August 2014 Commonwealth of Australia 2014



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Dental visiting patterns of populations identified for specific action


Information above indicates the different populations identified for specific action have different oral health outcomes. Further information was examined to compare the dental visiting patterns of the specific populations for action with the dental visiting pattern of the total population. Different data sources were used for children compared with the other identified populations. Due to data limitations, the dental visiting patterns of people with special needs and Aboriginal and Torres Strait Islander people were not able to be examined.

Using the information available, existing utilisation patterns for the specific populations for action were identified, and this was then translated into an expressed demand rate and projected into the future based on population projections from the Australian Bureau of Statistics (ABS) population series B (ABS Cat No. 3222.0, Population Projections, Australia).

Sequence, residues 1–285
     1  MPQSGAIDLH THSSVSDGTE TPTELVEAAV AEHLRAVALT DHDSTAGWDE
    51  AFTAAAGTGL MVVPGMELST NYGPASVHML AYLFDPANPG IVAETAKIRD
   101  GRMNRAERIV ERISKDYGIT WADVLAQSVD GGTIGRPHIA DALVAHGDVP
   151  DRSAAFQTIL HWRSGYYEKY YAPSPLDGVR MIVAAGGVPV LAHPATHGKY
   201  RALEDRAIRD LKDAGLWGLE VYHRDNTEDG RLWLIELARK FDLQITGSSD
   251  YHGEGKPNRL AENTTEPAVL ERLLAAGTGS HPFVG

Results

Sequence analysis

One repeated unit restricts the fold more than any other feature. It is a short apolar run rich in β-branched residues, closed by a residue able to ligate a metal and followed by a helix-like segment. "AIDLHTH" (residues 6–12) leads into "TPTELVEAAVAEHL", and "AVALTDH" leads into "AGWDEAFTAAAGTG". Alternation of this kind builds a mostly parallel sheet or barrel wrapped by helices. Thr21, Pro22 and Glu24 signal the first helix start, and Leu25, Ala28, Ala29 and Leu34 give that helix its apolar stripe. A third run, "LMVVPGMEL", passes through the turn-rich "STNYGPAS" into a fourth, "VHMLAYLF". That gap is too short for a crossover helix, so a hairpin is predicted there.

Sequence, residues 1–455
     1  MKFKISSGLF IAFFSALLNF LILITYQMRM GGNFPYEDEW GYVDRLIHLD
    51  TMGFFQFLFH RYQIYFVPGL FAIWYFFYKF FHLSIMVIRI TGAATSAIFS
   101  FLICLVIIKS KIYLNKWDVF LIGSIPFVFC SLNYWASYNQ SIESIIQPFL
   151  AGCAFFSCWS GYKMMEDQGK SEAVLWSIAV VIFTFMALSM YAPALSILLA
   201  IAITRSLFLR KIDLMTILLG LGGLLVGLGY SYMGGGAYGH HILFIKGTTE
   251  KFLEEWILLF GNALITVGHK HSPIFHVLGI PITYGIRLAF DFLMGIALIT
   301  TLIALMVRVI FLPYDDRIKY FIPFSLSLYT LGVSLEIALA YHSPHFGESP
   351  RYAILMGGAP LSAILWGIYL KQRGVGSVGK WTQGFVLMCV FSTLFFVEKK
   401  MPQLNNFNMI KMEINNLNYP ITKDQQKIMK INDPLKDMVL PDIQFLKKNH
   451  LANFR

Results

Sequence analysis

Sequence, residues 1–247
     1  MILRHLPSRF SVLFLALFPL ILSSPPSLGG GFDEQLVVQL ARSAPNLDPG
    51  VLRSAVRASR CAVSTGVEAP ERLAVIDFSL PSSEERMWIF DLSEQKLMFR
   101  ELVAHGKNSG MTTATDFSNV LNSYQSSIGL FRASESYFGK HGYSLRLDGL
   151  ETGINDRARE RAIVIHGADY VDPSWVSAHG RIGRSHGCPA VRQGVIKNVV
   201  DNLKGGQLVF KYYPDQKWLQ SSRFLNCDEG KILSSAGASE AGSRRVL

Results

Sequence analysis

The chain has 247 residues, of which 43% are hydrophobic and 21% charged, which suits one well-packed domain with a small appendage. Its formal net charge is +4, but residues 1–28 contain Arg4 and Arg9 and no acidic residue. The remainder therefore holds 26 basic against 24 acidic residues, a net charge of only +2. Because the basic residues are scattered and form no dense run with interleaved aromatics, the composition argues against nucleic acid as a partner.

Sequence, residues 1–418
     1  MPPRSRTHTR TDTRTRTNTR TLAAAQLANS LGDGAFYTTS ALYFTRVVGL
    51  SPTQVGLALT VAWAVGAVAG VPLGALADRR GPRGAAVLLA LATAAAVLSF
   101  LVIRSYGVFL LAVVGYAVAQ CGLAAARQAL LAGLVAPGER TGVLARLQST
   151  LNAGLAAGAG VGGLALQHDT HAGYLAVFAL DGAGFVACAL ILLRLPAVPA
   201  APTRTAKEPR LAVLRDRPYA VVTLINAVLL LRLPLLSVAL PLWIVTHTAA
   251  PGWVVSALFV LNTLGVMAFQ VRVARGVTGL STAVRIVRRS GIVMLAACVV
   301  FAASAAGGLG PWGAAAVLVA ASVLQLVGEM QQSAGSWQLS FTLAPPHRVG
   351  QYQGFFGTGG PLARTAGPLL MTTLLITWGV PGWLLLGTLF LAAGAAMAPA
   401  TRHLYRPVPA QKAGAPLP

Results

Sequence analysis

Children (aged two to 12 years)


For children, data on the number of public oral health services provided to children aged two to 12 years over the period 2009 to 2012 (existing utilisation) was supplied to HWA by New South Wales, Tasmania and Western Australia. Using this as a basis, a national expressed demand rate of oral health services for all children aged two to 12 years was extrapolated. This was calculated to be 0.37 services per person per annum.

Data analysis also showed that children aged two to six years and children aged seven to 12 years had different oral health utilisation patterns, with those aged seven to 12 years accessing a greater number of services. This likely reflects the availability of publicly provided school dental schemes.